The Companies Behind Porsche’s eFuels Project Include Big Energy Giants

ExxonMobil is one of seven companies included in Porsche’s Haru Oni project to research and test sustainable fuels in Chile. The other companies include Enel, Siemens Energy, and energy providers local to Chile including Gasco, ENAP, and AME, according to Porsche.

The decision to invest in Chile was heavily influenced by low energy costs and taxes, along with a greater amount of wind turbine power. Chile also aims to be the top producer of the cheapest green hydrogen.

Porsche Leans On The Cost Argument

Porsche Synthetic Fuel

The decision to invest in Chile was heavily influenced by low energy costs and taxes, along with a greater amount of wind turbine power. As Porsche said in a press release, “The low cost of energy for manufacturing eFuels in Chile is not the only important factor: taxes and charges will also have an impact on the price, and therefore the financial success, of the product.”

The company went on to say “eFuels will become competitive faster as fossil fuels become more expensive in the years ahead due to regulatory measures such as energy taxes and carbon pricing, as well as measures that make eFuels exempt from such charges.”

Fossil fuels are not just set to become expensive for consumers, but also for energy providers. While the Inflation Reduction Act put money in the hands of utility companies to invest in renewable resources, energy companies are still spending more money to produce energy unsustainably. A policy and technology company, Energy Innovation, released a report stating that nearly all of the current coal-powered energy processes in the United States would be cheaper if they were instead run by renewable energy sources.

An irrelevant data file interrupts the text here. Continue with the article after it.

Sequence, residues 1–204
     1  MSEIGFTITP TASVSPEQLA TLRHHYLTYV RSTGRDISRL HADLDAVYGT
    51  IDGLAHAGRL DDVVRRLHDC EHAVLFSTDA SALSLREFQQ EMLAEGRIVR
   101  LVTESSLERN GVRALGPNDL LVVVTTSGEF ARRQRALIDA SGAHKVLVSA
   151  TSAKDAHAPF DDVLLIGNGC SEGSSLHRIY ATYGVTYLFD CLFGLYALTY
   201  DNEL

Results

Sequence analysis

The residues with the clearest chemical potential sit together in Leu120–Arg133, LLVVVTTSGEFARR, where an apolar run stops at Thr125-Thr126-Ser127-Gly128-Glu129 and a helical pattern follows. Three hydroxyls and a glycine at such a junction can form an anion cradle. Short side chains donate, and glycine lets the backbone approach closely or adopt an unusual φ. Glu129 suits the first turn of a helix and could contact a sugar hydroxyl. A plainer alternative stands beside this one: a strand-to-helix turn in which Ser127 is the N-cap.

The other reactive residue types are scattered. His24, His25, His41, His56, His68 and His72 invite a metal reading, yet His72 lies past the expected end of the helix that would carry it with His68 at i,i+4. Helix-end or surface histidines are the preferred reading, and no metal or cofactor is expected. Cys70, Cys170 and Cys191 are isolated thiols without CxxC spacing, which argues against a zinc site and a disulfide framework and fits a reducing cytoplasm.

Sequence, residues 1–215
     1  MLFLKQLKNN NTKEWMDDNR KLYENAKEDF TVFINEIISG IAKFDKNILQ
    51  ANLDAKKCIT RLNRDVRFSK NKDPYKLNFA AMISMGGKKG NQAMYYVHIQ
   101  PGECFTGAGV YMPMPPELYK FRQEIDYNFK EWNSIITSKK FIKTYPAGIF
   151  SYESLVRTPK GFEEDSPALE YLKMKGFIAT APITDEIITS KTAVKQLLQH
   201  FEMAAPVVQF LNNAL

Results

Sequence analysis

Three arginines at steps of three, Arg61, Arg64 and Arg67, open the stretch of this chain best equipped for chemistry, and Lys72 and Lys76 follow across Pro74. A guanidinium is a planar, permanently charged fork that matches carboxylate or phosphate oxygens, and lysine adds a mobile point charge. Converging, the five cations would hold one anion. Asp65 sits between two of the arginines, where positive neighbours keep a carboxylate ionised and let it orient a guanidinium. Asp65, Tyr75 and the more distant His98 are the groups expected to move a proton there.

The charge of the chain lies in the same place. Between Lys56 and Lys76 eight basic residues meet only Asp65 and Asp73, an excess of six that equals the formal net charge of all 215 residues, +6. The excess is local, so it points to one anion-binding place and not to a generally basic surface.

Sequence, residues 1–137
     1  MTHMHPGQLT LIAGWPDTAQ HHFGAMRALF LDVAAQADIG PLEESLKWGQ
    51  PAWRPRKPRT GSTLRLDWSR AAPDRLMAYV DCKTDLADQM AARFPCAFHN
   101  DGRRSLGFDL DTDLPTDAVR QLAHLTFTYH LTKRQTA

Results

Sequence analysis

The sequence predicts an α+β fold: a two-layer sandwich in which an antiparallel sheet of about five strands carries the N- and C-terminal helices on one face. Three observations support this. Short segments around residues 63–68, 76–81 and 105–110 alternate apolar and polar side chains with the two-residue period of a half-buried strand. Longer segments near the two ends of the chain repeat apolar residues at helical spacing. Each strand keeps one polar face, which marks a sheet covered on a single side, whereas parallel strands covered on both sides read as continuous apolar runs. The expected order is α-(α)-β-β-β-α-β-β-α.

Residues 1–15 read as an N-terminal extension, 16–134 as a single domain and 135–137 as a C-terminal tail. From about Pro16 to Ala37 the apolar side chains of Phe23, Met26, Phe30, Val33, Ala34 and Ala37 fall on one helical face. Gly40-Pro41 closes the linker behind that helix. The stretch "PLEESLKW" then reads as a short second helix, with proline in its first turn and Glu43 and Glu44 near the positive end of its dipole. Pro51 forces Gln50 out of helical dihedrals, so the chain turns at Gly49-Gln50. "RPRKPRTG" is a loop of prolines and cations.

BMW Pins Its Future To Electricity, Synthetic Fuels Not Ruled Out Yet

BMW is the latest manufacturer to map out its electric future

Synthetic Fuels Are One Piece Of The Sustainable Puzzle

Porsche eFuel Plant

Nowadays, it seems that every other company is announcing a deadline to cut carbon emissions. But what does that look like, and how are these companies actually being held to that time frame? Earlier this year, the Sierra Club published a study arguing that utilities and companies that have specific timelines, even ones with dates reaching 25-plus years into the future, are unlikely to reach those benchmarks.

Why? Simply put, the companies aren’t acting quickly enough to achieve those goals realistically, said Sierra. Part of the problem is a lack of a non-renewable transition strategy. Another part of the problem is a “one and done” or “all or nothing” approach. Rather than solar or wind being the sole energy source, renewables can be viewed as a spectrum or collection of energy sources that can work together in order to meet global energy needs.

The development and testing of eFuels, although not entirely carbon-neutral, fits into that spectrum.

How Porsche Plans For A Complementary Fuel To Electrification

Porsche 911 e-Fuel

Porsche stated that the switch to electric mobility isn’t happening at a rate quick enough to satisfy the outlines of the Paris Agreement, the global and legally binding United Nations climate action treaty. Although solar, wind, and other renewable energy sources are growing and huge contributors to reducing carbon emissions in the electricity and fuel sectors, the complete switch to green energy will be difficult without a combination of several sources. Sustainable green fuels, like methanol, offer an additional source of nearly carbon-neutral energy.

“We urgently need a solution for operating existing fleets of vehicles in a sustainable way,” Michael Steiner, a Porsche Executive Board for Research and Development member, said. “This goal can be achieved with green fuels, which are a sensible complement to electric vehicles.”

How Porsche’s Investment Will Alter The Energy Sector

The investment in green fuels isn’t just set to change the auto industry, but the energy industry as a whole. As utilities and oil companies are slammed with criticism and accusations of “greenwashing” following the global climate summit, Porsche is attempting to make the transition away from fossil fuels smoother by testing and selling the closest thing to gasoline: a liquid substance that acts similar to gas and is simpler to transport compared to gaseous hydrogen.